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How to Become a Scratch Golfer

How to become a scratch golfer? Easy, just don’t get any bogeys! Seriously though, I have been giving a bit of thought to this recently and I think that there are a few key tips that are useful, regardless of if we are knocking on the door of scratch or still trying to break 100.

What is Scratch Golf Really?

I am constantly complaining about the lack of time I spend on the course and this is true, at least this year. However, in the half dozen or so competitive rounds I did actually play (as Texas scrambles) I was lucky enough to find myself playing in the same group as a few golfers who were scratch or pretty damn close.

As someone who has played golf for a while, I have played with a reasonable number of very low handicap golfers, some of them very regularly. This is why I often point out the difference between an average single figure golfer (me) and someone who is regularly looking to realistically beat par.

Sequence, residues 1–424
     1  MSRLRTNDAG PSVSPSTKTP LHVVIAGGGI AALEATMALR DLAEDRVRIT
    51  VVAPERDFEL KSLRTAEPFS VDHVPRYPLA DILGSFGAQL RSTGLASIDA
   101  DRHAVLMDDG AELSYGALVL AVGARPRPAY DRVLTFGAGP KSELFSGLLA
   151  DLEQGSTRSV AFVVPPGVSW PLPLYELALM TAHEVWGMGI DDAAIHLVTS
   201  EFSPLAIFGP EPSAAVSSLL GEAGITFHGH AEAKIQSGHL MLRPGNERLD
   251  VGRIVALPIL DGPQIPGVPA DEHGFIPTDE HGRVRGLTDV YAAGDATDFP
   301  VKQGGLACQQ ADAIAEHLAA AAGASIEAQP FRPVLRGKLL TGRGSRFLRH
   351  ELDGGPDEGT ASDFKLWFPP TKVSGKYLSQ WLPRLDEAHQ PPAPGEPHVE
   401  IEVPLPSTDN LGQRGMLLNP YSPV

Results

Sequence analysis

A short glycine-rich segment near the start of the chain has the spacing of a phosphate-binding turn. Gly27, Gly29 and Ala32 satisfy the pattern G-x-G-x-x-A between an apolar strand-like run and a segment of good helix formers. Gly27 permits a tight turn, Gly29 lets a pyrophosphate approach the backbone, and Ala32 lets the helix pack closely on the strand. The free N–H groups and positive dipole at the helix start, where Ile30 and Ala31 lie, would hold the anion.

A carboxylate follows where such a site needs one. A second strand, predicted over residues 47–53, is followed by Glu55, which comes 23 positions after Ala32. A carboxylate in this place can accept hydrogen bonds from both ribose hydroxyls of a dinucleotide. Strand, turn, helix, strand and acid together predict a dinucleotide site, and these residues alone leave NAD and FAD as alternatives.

One of the advantages of this is that I get to see what a properly good golfer does close up. I am not talking about a plus handicap golfer or someone who is playing professionally. This is a whole step or three further on the scale.

What Scratch Golfers Do (and Don’t)

I think many people expect to get blown away by someone whose handicap is close to zero. This generally isn’t the case. On a round this Summer, we were paired in a scramble with a couple of solid players. I wasn’t in charge of their score card and I had asked my playing partner how many shots they had without asking for their individual caps. Given that nobody gets a lot of shots in a scramble except people sandbagging, I didn’t pay a lot of attention to be honest. My partner was marking the card, we weren’t playing a matchplay, so beyond counting their score, I was concentrating on my own game.